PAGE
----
Musicality is defined as a natural tendency, sensibility, knowledge, or talent to create, perceive, and play music. Musical abilities involve a great range of social and cognitive behaviors, which are influenced by both environmental and genetic factors. Although a number of studies have yielded insights into music genetics research, genes and biological pathways related to these traits are not fully understood. Our hypothesis in the current study is that genes associated with different behaviors could also influence the musical phenotype. Our aim was to investigate whether polymorphisms in six genes — AVPR1A, SLC6A4, ITGB3, COMT, DRD2 and DRD4 — related to social and cognitive traits, are associated with musicality in a sample of children. Musicality was assessed through an individualized music therapy assessment profile (IMTAP) which was validated in Brazil in order to measure musical ability. We show here that the RS1 and RS3 microsatellites of the AVPR1A gene, as well as the rs15908 polymorphism of the ITGB3 gene are associated with musicality. Our results suggest that vasopressin, serotonin, and related genes influence musical ability. This study is one of the first to investigate musicality in a comprehensive way, and it contributes to better understanding of the genetic basis underpinning musical ability.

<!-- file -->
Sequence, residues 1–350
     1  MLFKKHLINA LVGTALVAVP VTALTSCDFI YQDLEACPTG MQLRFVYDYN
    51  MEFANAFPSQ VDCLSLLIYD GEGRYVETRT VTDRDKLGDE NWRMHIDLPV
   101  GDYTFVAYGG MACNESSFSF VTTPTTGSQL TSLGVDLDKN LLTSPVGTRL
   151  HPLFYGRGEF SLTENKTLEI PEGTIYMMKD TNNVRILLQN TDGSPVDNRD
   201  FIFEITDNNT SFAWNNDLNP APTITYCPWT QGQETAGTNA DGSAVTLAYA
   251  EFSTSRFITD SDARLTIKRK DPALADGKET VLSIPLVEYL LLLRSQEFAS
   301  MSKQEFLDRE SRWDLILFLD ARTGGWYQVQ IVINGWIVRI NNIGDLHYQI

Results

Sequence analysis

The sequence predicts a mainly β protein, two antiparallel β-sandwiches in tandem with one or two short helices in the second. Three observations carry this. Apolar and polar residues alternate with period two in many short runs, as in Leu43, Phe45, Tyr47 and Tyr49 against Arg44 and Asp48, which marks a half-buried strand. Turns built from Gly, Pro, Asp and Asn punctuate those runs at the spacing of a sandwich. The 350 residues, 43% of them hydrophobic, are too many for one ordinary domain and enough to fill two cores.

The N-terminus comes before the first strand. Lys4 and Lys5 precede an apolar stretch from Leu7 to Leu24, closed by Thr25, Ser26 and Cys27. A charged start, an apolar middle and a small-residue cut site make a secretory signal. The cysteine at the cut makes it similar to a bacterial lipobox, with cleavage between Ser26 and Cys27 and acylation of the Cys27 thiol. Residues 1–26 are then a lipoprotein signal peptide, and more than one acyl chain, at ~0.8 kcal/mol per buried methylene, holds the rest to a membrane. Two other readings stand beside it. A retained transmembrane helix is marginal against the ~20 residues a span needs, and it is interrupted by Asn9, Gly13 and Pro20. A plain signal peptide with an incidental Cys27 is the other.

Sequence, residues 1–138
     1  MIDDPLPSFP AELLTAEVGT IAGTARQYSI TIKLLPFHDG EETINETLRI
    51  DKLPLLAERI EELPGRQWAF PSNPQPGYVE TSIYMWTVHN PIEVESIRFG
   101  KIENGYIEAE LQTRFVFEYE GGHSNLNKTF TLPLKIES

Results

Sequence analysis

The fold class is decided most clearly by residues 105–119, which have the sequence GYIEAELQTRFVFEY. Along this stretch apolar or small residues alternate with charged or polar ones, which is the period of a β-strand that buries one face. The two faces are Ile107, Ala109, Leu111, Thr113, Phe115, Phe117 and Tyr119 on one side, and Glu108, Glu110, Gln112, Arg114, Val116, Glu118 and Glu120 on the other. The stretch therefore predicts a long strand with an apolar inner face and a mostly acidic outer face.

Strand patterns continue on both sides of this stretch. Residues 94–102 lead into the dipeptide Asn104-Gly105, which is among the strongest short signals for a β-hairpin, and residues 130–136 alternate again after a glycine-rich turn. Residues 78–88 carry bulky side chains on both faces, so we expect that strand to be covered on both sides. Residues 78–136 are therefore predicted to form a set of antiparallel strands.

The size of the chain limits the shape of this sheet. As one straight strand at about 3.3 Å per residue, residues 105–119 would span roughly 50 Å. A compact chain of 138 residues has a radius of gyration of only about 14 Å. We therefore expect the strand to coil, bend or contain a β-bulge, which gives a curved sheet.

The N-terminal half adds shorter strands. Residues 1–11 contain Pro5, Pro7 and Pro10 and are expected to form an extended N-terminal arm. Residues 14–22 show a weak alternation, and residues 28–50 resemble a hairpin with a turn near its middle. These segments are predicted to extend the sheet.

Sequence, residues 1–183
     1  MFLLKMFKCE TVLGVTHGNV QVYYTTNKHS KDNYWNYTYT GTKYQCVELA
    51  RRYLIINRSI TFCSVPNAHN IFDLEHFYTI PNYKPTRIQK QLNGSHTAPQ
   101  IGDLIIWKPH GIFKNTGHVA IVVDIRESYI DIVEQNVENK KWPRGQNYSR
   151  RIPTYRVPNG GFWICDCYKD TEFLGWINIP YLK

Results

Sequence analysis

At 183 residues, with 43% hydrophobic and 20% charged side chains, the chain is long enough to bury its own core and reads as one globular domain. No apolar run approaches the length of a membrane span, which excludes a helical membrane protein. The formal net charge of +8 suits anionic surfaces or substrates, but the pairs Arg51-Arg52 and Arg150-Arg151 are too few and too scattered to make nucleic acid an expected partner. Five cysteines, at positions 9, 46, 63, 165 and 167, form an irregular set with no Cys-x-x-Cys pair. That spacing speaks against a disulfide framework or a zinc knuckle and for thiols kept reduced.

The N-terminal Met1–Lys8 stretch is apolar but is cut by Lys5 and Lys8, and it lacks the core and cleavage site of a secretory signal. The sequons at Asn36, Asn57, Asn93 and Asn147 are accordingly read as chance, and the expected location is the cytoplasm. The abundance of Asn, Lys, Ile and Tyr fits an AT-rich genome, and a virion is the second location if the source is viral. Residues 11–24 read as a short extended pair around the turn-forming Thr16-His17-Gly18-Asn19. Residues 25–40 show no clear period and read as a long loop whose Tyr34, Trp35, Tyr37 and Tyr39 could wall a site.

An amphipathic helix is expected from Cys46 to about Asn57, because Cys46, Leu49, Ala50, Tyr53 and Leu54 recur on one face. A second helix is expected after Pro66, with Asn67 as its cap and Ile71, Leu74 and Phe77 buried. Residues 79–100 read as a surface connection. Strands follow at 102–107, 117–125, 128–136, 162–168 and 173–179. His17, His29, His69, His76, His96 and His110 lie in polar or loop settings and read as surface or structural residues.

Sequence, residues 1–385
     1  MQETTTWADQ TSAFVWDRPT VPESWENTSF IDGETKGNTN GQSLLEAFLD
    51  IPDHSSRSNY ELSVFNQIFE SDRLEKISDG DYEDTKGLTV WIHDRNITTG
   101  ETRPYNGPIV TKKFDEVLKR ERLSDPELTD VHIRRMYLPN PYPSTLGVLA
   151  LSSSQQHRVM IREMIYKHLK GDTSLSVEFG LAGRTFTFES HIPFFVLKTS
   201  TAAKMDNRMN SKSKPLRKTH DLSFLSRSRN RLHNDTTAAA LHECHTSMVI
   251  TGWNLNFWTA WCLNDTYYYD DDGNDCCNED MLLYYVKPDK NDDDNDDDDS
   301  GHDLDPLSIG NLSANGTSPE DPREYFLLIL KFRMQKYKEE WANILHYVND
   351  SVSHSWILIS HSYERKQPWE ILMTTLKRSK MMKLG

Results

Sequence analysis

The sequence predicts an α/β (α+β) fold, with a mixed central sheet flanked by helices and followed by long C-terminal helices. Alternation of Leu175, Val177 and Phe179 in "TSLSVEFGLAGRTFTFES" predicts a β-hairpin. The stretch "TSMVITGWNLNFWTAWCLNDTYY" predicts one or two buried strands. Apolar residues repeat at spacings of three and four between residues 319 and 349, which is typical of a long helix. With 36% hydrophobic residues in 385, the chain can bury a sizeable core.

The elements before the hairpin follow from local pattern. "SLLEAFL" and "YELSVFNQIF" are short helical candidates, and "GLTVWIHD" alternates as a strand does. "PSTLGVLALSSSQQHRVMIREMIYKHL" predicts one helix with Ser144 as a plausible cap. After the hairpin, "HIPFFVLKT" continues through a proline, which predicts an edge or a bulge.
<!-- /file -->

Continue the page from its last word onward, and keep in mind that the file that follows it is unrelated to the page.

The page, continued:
Mariath , L., da Silva, A., Tagliani-Ribeiro, A., de Araujo, G., Gattino, G., Figueiredo, F., Roman, T., Schüler-Faccini, L., & Schuch, J. (2017). Music Genetics Research: Association with Musicality of a Polymorphism in the AVPR1A Gene. Genetics and Molecular Biology, 40(2), 421-429. https://doi.org/10.1590/1678-4685-gmb-2016-0021